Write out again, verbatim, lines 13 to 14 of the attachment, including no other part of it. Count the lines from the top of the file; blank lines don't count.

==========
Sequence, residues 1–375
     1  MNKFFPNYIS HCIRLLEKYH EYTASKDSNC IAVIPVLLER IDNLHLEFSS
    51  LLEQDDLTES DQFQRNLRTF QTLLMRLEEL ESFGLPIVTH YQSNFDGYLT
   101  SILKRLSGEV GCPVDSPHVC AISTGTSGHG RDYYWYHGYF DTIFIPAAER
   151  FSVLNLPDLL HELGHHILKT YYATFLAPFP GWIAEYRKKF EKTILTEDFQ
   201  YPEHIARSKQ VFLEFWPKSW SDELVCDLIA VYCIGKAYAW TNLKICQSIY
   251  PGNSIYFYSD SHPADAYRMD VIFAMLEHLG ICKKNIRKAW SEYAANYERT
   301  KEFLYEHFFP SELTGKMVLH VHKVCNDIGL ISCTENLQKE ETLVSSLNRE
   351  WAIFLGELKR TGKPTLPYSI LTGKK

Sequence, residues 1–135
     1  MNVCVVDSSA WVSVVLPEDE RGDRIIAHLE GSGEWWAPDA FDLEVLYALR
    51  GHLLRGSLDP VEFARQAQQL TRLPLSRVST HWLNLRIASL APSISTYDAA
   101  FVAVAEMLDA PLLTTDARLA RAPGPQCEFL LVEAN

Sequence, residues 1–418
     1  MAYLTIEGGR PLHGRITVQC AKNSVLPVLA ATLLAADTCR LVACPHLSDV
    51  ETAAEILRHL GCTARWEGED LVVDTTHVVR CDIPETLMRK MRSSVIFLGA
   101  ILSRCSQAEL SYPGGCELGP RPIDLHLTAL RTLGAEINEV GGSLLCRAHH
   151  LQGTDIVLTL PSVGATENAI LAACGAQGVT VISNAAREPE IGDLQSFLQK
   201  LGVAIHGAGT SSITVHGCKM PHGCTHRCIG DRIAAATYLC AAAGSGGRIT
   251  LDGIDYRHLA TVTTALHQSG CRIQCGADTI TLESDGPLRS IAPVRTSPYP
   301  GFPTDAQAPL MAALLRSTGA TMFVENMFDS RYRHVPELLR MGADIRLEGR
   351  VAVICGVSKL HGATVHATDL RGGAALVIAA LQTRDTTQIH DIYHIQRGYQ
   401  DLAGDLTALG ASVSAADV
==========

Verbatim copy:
   101  FVAVAEMLDA PLLTTDARLA RAPGPQCEFL LVEAN

Sequence, residues 1–418